Thunder Down Under: Part I
WARNING: The following is graphic, at times disturbing, and true with plenty of TMI to go around. Part I doesn’t include anything too disturbing, simply the events leading up. If you’re squeamish, easily disturbed or simply aren’t interested in the details of a serious medical fiasco, I recommend not reading beyond Part I. This entry covers the details of the past several days, starting around 2 PM Monday afternoon when I first experienced an inguinal hernia rupture while working as a ski instructor.
“Big toe! Left Foot!” I yell, sliding quickly about five feet behind him. My hands stretch in front of me, hoping to catch the eight year old quickly speeding out of control.
Suddenly, his left ski catches and shoots him to the right. His right ski spins outward, hooking it’s inside edge. It pops awkwardly off his foot, sending him pirouetting to the ground in a small puff of snow.
“Dude…” I say, carving to a halt just below him and quickly snapping his remaining ski off. I see him blink a few times off at the horizon as I remove my skis. With a sniffle, the tears start.
I flop into the snow next to him, my hip and elbow propping my upper body at a comfortable angle. “Are you alright, Nick?”
The question is rhetorical. He twisted his knee slightly, but not enough to do any damage. It’s going to be slightly sore, but certainly doesn’t hurt as much as his pride. The odds are good that after a minute of rest he’ll be back up and standing. Whether he gets back on skis and keeps going is a purely mental block, and given that his two older brothers have driven him to keep going all day despite setback after setback, I doubt that will be an issue either.
“How’s the knee feel?” I ask.
“Fine,” he replies. He doesn’t meet my eyes. He hasn’t all day. “Where’s George?”
“He’s going up again with Warren,” I explain, referencing the junior instructor in training who’s been helping with my class this afternoon. Having Warren there has been a godsend. Eight out of nine of my kids are safely doing solid turns, and given how busy the slopes are, his presence has given me the leeway to send those eight off with him while I work with Nick.
Nick and his two brothers were the final additions to my class. From the start, they were trouble. They were more interested in playing in the snow, rough housing, and messing with each other than learning to ski. Nick, rather than watching or listening to me, only watched his older brother George. The middle brother, Tony, preferred to just go, flopping in the snow, ignoring me, and acting the class clown. I can’t really hold it against them, as I was the same way at their age, but grabbing their attention and making sure they’re safe has been the day’s biggest challenge. The three of them ice skate, according to George, which is why their abilities have come so quickly and strongly. All three were put in boots at least a size too large, given them less control of their skis, though I fixed that at lunch. Ultimately, Tony has enough natural talent to get by without much coaching. George will listen every once in a while and every tip I offer seemed to pay solid dividends. Nick, on the other hand, only wants to ski with George and will barely give me the time of day despite the one on one attention. A moment ago, he had solid turns with my hand held out before him. As soon as I removed that hand, though, his eyes went seeking his brother and the world came crashing down around him.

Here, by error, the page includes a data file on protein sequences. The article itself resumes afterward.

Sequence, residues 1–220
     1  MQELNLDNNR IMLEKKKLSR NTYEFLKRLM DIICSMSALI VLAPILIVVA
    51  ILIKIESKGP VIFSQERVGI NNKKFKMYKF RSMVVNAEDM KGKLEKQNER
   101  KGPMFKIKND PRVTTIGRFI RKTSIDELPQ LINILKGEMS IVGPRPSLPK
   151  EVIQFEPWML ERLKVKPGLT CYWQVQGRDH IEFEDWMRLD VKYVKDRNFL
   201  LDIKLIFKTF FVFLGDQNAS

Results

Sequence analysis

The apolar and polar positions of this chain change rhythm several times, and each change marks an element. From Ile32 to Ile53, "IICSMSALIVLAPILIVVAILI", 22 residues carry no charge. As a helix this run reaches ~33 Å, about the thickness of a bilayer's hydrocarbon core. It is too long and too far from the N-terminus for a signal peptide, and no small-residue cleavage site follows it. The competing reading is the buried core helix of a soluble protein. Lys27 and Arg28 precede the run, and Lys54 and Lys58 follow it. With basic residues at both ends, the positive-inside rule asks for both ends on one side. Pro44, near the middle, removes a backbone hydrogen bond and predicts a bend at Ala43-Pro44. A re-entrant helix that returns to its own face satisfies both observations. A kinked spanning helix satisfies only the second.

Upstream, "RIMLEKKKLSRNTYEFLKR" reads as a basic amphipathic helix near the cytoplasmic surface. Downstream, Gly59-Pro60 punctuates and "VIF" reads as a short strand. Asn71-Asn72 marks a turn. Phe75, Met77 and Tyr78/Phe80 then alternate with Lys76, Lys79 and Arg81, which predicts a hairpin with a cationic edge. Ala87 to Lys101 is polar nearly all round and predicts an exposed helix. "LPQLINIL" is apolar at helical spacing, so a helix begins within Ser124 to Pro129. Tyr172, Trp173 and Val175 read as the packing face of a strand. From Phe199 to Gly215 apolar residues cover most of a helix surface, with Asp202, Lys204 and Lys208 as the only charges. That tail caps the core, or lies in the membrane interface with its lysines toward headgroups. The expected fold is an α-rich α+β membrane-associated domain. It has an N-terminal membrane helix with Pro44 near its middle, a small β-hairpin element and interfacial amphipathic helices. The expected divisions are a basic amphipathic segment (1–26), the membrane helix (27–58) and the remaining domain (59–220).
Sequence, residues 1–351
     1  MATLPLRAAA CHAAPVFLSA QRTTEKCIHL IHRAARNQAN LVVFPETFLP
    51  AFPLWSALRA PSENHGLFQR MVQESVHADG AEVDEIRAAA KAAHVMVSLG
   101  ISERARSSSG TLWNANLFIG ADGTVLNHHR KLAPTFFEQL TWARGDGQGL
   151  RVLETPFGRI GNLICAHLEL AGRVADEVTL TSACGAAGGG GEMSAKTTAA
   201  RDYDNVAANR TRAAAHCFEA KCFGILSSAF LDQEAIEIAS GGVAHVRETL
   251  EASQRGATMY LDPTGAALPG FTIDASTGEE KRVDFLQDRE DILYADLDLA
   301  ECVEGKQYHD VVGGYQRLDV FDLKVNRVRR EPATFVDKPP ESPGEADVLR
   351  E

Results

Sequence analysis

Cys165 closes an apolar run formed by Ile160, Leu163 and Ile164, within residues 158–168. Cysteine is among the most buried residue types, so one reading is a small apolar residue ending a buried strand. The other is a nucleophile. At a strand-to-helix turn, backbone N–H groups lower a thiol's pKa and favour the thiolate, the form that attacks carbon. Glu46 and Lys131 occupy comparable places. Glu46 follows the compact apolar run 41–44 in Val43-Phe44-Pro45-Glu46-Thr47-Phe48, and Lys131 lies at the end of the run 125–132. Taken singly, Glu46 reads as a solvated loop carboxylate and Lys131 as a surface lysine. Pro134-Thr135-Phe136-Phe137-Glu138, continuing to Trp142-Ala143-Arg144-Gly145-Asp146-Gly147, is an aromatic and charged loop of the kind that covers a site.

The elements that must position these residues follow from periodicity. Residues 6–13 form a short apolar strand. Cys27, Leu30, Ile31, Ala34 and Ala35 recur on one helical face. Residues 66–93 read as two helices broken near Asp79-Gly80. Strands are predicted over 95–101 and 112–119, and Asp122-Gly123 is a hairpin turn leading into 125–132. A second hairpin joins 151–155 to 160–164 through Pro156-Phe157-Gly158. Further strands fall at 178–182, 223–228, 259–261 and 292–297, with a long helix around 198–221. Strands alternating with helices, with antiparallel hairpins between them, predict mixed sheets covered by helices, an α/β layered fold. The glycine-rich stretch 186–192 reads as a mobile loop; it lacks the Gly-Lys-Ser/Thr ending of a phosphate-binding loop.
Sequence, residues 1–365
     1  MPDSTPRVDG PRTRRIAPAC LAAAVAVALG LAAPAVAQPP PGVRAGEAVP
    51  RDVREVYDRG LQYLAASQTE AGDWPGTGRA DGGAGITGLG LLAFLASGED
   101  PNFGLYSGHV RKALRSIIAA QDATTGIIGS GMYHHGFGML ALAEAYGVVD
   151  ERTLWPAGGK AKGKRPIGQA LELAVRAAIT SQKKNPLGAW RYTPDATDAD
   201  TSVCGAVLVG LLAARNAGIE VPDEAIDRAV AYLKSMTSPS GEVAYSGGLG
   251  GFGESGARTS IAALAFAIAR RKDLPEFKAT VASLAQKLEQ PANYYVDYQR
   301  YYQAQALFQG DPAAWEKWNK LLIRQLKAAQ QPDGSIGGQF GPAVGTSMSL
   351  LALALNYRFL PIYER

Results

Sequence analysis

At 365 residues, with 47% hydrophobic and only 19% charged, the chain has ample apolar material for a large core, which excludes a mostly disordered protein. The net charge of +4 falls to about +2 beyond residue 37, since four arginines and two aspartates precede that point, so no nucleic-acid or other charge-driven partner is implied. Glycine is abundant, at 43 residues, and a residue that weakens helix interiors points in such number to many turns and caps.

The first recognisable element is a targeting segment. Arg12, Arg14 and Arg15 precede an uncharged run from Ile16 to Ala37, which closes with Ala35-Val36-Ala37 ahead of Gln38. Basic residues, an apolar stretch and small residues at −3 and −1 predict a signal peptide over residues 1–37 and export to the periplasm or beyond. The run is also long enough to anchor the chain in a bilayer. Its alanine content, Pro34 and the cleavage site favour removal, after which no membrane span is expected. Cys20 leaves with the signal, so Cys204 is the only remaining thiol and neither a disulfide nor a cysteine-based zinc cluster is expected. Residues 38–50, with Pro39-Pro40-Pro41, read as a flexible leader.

“You need to remember to keep those tips together,” I explain fruitlessly. “If you don’t, you’ll keep having your legs get all twisted up, and I don’t want you to get hurt.”
“Where’s George?” he asks again, as if he couldn’t even hear my answer from before.
“He’s up with Warren. Do you want to get up and keep going or does your knee hurt enough we should call ski patrol?”
“I want to keep going.”